Neotropical dry forests (NDF) are one of the most diverse but threatened ecosystems in the world (Olson & Dinerstein 2002). Globally, ca 97 percent of the remaining NDF is at risk and, and in Mesoamerica only about 5 percent is under some degree of protection against agricultural and ranching expansion (Miles et al. 2006). In this scenario of heavy fragmentation and defaunation (Melo et al. 2010), endozoochory by cattle and the response to frequent anthropogenic fire are two ecological factors that may play a crucial role in driving seed germination, and ultimately recruitment, in many plant species (Mouissie et al. 2005, Otterstrom et al. 2006). Indeed, several NDF tree species retain ‘anachronic’ traits that allow endozoochory (Janzen & Martin 1982, Guimarães et al. 2008); cattle may act as an efficient dispersal vector whose digestive system can scarify the seed coats facilitating germination (Traveset 1998). In addition, fire has long been known as a trigger of germination; thanks to its ability to release seeds from dormancy (Keeley & Fotheringham 2000). However, there are no studies assessing the potential interaction between endozoochory and fire in NDF despite its importance from an ecological and a restoration point of view.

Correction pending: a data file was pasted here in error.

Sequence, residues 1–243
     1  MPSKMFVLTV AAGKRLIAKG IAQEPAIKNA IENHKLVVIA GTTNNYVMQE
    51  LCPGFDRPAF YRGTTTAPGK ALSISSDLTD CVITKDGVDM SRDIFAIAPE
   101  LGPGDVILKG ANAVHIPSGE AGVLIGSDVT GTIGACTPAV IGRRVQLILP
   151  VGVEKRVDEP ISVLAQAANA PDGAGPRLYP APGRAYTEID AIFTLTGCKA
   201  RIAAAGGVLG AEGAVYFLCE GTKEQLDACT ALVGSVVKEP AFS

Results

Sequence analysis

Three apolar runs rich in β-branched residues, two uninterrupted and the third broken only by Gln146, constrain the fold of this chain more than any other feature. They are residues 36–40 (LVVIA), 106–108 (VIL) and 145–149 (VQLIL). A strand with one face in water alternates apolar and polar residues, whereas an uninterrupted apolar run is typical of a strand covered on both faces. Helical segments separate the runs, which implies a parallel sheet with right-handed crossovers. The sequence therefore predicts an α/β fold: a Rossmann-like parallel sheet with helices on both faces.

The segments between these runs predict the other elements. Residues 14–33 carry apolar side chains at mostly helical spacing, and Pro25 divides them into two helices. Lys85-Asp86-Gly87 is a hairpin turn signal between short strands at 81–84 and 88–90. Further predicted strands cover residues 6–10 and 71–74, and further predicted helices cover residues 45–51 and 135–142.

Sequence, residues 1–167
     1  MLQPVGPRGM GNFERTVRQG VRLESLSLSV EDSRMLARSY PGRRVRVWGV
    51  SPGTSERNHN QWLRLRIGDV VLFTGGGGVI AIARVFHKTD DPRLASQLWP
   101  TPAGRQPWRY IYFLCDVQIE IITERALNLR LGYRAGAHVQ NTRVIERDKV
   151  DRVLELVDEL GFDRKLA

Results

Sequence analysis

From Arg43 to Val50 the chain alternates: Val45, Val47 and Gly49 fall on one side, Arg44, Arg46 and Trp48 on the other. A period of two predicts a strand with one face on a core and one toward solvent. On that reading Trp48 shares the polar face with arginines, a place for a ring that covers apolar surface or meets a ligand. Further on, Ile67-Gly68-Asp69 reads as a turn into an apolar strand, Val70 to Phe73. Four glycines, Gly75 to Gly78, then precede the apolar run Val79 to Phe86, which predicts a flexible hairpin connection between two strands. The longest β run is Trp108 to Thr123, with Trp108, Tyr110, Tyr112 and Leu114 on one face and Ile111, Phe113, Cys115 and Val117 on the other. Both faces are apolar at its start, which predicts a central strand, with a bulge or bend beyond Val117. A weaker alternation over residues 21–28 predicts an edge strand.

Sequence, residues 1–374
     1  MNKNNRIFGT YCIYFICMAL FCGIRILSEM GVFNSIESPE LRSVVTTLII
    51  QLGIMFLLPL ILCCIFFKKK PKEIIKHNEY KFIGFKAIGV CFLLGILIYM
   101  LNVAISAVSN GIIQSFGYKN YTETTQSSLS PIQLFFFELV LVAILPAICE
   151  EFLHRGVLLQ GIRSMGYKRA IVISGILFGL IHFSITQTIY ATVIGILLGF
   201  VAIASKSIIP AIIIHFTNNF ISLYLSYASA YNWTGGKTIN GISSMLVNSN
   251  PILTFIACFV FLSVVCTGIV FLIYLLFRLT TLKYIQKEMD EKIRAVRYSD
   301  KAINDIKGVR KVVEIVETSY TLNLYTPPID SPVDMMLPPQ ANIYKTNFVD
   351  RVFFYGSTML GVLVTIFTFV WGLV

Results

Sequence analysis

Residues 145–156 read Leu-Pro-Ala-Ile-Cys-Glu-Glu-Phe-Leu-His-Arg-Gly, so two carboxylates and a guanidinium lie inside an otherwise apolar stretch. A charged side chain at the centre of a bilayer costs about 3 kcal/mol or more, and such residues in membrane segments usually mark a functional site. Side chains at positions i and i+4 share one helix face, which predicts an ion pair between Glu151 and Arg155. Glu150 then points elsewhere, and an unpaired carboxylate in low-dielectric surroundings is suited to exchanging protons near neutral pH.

Endozoochory and fire influence tree regeneration in different ways. First, fire acts on seeds once they have been dispersed, whereas the effects of endozoochory (i.e., seed scarification during gut passage) may start from frugivores' preferences. In fact, fruit traits such as size, shape, number of seeds per fruit and chemical composition may result in specific preferences by frugivores (Traveset 1998, Kitamura et al. 2002) that may affect the number of visits or the number of seeds dispersed per visit (i.e., the quantitative component of their effectiveness as seed dispersal agents, see Schupp 1993, Schupp et al. 2010). Thus, foraging choices can favor some species and have consequences on forest regeneration patterns at a landscape level (Eycott et al. 2007). Despite the knowledge of cattle preferences for the foliage of several NDF tree species (see Sandoval-Castro et al. 2005), little is known about their fruit preferences. Furthermore, a particular animal species can have significantly different effects on germination (i.e., positive, neutral, or negative) after passage of seeds through the gut depending on a variety of seed traits such as seed coat thickness, shape, or size (Traveset 1998, Campos-Arceiz et al. 2012). In short, the same dispersal agent can influence different species in unique ways due to differences in fruit traits related to frugivore attraction (Lomáscolo & Schaefer 2010), the number of seeds consumed per visit (Schupp et al. 2010), or differences in seed traits related to gut passage (Gardener et al. 1993, Benítez-Malvido et al. 2003, Venier et al. 2012). Nevertheless, few studies have addressed how these three stages of endozoochory (preference by frugivores, number of seeds consumed, and gut passage resistance) are related.